- Unexercised muscles wither. When a person takes a long time without exercise, their muscles shrink and become weak. Similarly, leadership is something that is practiced before and not after one is in position. One must show initiative, develop their people skills , develop their social analysis skills (not just looking at cold-hard data) and develop their intuition. While quiet quitting, there are many skills and capacity that one may not develop. Chances of a person becoming an under-developed professional are higher.
- Promotions & raises follow demonstration of capacity. I was eavesdropping on a CEO’s interview, in which he expressed his concern that Gen-Z, that youthful population expects raises and promotions, while at the same time quiet quitting. “It makes no sense. No business will take an increased risk investing in a person that does not demonstrate capacity,” he said. “Even they will start their own businesses, which will grow because of the same work ethic, we demand as employers and they will expect the same from their own employees.”
- Quiet quitting will contribute to a negative emotional status. As humans we like to feel proud of our work and accomplishments. We want to see impact and our contribution to that impact – not only as validation by others but as a feeling of fulfilment inside one. It is sad given that we do spend at least a third of our time at work.
In my own experience, I have found it useful to give my all at a job that I decide to do – whether I am employed or it is my own business. What then I would do, is to become aware when I have done all I can in that job and I would then leave. Each job that I have ever done gave me useful lessons that I have used in subsequent jobs to move myself ahead. Some of the jobs, I worked in had very toxic employers.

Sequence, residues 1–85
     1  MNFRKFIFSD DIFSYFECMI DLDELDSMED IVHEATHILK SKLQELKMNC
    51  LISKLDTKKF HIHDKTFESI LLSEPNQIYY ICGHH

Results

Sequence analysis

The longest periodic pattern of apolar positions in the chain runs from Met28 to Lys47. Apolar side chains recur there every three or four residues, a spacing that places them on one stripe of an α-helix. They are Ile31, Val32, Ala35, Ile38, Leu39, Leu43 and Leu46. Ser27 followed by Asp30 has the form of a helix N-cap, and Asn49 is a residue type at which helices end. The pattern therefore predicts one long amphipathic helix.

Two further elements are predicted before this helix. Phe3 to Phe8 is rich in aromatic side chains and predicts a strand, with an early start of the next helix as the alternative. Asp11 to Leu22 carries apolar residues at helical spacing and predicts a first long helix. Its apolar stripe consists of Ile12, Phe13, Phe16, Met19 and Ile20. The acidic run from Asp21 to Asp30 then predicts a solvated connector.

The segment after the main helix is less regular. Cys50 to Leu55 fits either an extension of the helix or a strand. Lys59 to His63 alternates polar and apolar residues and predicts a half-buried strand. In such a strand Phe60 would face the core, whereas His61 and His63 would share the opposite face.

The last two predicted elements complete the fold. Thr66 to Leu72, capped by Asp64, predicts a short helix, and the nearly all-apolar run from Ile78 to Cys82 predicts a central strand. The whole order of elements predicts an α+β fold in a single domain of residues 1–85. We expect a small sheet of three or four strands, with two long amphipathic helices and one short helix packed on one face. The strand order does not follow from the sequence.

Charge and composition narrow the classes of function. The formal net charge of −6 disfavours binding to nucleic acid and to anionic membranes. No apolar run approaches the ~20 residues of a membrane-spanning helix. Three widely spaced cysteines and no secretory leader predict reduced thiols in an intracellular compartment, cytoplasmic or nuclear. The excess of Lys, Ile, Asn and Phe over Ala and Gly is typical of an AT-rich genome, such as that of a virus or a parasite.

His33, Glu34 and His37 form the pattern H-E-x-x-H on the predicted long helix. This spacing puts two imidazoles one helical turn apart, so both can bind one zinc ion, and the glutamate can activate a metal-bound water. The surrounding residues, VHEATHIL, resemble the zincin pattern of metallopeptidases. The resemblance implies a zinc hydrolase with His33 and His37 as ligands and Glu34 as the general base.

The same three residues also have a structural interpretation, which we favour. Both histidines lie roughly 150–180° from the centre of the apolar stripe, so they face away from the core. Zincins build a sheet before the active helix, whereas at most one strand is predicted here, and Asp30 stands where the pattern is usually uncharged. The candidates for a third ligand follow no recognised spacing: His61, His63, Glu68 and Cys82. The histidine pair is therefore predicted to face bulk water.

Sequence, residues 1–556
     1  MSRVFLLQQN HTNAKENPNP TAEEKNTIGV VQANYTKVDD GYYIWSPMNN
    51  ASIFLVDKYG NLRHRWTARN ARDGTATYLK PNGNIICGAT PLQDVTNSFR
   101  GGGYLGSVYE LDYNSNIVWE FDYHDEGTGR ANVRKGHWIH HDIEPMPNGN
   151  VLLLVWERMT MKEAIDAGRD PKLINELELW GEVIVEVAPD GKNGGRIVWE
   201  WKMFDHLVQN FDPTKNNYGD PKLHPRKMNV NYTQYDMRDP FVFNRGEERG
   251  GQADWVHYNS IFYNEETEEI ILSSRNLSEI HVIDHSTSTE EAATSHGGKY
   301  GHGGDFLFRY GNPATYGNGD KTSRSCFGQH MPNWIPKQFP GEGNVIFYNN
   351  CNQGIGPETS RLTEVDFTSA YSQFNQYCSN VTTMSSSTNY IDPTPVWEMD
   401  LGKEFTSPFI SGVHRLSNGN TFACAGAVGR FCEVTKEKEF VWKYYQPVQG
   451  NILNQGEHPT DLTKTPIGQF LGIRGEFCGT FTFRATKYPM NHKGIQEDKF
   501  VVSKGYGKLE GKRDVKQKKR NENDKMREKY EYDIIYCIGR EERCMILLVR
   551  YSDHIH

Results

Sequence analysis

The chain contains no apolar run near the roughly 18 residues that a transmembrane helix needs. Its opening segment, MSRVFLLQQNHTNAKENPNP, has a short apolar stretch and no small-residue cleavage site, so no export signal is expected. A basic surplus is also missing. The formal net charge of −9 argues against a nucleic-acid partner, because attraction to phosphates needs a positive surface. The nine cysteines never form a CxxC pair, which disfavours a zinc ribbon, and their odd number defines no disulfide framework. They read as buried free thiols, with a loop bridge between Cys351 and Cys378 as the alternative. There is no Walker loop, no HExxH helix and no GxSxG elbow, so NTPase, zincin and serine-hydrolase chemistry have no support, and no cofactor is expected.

I worked once for a media organisation, where the manager would shout at us and literally tear up a printed article that I had done for grammatical and journalistic errors. Our editor’s reactions greatly discouraged my colleagues and I. I am grateful that I was able to sift out the noise and figure out what I needed to learn. I needed to learn how to write properly for the media. By sifting out the noise, I got better at the writing that in a couple of months, the editor had nothing further to say about my writing. He would read an article and publish it untouched. When that happened consistently, I left. Because of the skills I picked up from that editor, I went on to write internationally and eventually became an editor myself.
My view is that instead of quiet quitting, it would be more fulfilling for one to actually quit and go put all of one’s energy in a place that they feel they have a contribution. Time is a finite resource for me and for you and people in their 40s will tell you, that you will not have the same energy and luxury of time that you have in your 20s.
Don’t quiet quit, quit loudly and proudly and go use your energy where you can achieve more for yourself. If you can’t, shine bright where you are.
Read also: Ode to youth